When there is a connection between very cold weather and your car not starting, this is an example of a situation where there is a correlation.

## correlation

- mutual relationship or connection
- the degree of relative correspondence, as between two sets of data: a
*correlation*of 75% - a correlating or being correlated

Origin of correlation

Medieval Latin*correlatio*: see com- and amp; relation

## correlation

noun

- A relationship or connection between two things based on co-occurrence or pattern of change:
*a correlation between drug abuse and crime.* -
*Statistics*The tendency for two values or variables to change together, in either the same or opposite way:*As cigarette smoking increases, so does the incidence of lung cancer, indicating a positive correlation.* - An act of correlating or the condition of being correlated.

Origin of correlation

Medieval Latin*correl&amacron;ti&omacron;*

*, correl&amacron;ti&omacron;n-*: Latin

*com-*,

*com-*+ Latin

*rel&amacron;ti&omacron;*,

*relation, report*(from

*rel&amacron;tus*, past participle of

*referre*,

*to carry back*; see

**relate**).

*Related Forms:*

**cor′re·la′tion·al**adjective

## correlation

(*plural* correlations)

- A reciprocal, parallel or complementary relationship between two or more comparable objects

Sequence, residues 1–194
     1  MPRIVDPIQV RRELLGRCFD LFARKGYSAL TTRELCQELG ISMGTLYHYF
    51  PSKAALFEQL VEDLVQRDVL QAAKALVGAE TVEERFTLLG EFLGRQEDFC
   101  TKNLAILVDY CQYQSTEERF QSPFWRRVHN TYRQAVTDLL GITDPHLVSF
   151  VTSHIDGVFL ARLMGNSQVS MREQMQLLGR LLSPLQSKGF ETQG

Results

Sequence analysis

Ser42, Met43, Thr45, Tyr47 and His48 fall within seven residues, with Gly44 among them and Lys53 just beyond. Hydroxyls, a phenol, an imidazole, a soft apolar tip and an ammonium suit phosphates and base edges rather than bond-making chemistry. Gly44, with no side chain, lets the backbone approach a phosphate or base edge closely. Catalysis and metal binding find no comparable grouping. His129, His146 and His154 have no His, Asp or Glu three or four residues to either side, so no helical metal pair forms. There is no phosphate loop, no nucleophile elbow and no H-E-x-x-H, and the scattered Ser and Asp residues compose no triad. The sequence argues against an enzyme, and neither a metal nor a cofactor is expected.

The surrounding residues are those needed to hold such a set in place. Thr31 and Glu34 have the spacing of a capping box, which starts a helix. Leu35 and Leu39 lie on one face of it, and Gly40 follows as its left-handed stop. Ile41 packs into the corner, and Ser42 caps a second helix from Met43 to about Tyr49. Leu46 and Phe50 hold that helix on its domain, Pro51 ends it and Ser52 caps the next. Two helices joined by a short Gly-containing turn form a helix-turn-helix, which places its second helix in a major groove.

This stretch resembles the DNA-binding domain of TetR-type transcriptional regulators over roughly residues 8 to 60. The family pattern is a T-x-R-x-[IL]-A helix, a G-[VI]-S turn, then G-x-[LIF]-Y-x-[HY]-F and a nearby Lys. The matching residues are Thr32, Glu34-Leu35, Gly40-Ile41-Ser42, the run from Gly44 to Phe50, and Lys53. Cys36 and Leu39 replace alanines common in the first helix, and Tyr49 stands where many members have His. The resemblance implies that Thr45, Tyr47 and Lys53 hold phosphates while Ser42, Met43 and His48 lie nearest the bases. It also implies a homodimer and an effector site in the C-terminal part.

- (statistics) One of the several measures of the linear statistical relationship between two random variables, indicating both the strength and direction of the relationship.

From Middle French *corrĂ©lation*

## correlation - Computer Definition

In statistics, a measure of the strength of the relationship between two variables. It is used to predict the value of one variable given the value of the other. For example, a correlation might relate distance from urban location to gasoline consumption. Expressed on a scale from -1.0 to +1.0, the strongest correlations are at both extremes and provide the best predictions. See regression analysis.

## correlation - Investment & Finance Definition

A statistical concept that shows the tendency of two or more variables to change their values at the same time, either in the same direction (positive correlation) or opposite directions (negative correlation).